By Yin, Wad 5
This is Noor, my grandfather is Mustaffa Hussein, I hope you still remember me. Sorry I have not written for a long time. I have been travelling.
I am in very sunny Helsinki where temperatures are in the high 30s
How are you? I hope you are in good health and spirit.
Are you in Ipoh or overseas somewhere? You travel more than anyone I know. I hope I have your energy when I am your age. You must be my datok’s age if he had not died so young – 90?
I hope you do not feel despair for what is happening in Malaysia
Others have contacted me to say they feel extreme sadness that this is happening in their life time
A few said that they are making plans to join their children overseas
A number who are overseas have told me they are not going to take part in any effort to restore democracy to Malaysia
I have spent the past three months trying to motivate people and telling them now is not the right time to give up
If you know any Malaysians who feel like that… depressed and downhearted please tell them … No! No! No!
Now is the time we mobilise our efforts and regroup and do whatever we can in our own little way to get back on the right path
You are a very influential Malaysian with loads of friends and I am sure they will have told you how they feel
Please change their mood
I’m not giving up
Good to hear from you.
I have long said that it has been painful to love Malaysia. It is no longer the country we all grew up in – it has become worse.
The Malay regime is now openly corrupt and on a grand scale. The regime knows that the Malays will continue to support the Government as long as it is Malay and all important positions are held by Malays. So how can the country change for the better?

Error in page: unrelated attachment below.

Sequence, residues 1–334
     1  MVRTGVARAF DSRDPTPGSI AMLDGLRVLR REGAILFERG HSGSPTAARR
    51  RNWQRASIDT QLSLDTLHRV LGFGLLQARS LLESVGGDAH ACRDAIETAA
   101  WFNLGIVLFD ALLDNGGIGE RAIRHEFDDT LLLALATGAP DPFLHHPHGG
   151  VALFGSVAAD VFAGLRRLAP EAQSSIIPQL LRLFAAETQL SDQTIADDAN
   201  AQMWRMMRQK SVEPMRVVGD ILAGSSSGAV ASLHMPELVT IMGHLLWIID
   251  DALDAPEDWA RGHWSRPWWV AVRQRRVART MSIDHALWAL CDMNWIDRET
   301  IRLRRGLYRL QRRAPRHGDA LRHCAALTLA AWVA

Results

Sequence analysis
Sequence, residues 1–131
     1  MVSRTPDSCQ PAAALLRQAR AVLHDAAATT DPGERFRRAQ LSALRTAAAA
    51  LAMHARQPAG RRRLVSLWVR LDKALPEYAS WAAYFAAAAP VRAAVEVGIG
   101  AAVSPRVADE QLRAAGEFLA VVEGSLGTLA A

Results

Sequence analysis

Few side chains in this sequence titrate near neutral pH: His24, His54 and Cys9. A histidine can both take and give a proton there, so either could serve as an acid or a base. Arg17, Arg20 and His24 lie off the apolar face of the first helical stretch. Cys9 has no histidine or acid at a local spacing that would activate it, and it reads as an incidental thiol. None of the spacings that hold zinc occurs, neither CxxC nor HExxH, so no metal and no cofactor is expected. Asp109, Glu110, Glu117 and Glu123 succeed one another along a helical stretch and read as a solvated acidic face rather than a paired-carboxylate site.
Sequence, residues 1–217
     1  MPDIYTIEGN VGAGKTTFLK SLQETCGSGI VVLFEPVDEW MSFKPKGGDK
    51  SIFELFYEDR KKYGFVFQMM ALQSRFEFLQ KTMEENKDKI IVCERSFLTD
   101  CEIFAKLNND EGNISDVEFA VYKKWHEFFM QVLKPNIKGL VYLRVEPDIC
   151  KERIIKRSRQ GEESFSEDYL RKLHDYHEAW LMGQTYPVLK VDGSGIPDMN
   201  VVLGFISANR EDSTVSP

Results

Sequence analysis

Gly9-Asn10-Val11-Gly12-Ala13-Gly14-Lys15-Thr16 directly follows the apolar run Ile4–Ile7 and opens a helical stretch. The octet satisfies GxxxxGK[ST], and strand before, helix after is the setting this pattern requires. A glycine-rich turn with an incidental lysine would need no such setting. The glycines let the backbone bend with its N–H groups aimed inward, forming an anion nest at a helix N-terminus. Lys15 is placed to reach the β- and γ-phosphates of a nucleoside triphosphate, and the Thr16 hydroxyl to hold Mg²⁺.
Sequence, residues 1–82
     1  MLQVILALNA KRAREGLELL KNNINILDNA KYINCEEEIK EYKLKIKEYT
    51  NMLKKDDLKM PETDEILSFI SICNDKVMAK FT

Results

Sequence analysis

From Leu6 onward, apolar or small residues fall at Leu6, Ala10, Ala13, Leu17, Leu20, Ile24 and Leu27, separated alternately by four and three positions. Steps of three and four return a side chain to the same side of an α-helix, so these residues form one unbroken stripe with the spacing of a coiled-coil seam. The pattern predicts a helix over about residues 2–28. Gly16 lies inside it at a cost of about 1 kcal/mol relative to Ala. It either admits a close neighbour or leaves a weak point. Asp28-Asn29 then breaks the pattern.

This is not the Malaya of 1957 when all races stood proudly as our flag was raised for the first time. Or even the Malaysia of 1963.
Najib will be pardoned and the narrative is that a good Malay who has done much for his people has been misled by a wicked Chinese. The next election will see UMNO back in power.
Unless the Malay elite stand up like you how can Malaysia change? There are less than half a dozen Malay activists in the whole country who will stand up openly against a corrupt and racist regime.
Siti Kassim, Tajuddin Rasdi, Ali Akbar, Haris Ibrahim who else?
A few more I am sure but I can’t remember – old age lah.
And you of course.
I salute you for all you have tried to do. Your grandfather was my good friend you are a chip off him. I remember him bouncing you on his knees. He was an ‘old school’ Malay – I can still see him even now, standing tall and erect, handsome. A proud Malay with real dignity, not the phoney stuff today. Always correct in his dealings and fair! He would have been proud of you. You are quite a gal.
As for me I am 89 with hardly a handful of friends left and it’s a joke to talk of influence. Sadly the new Malays will not listen. I have finally given up.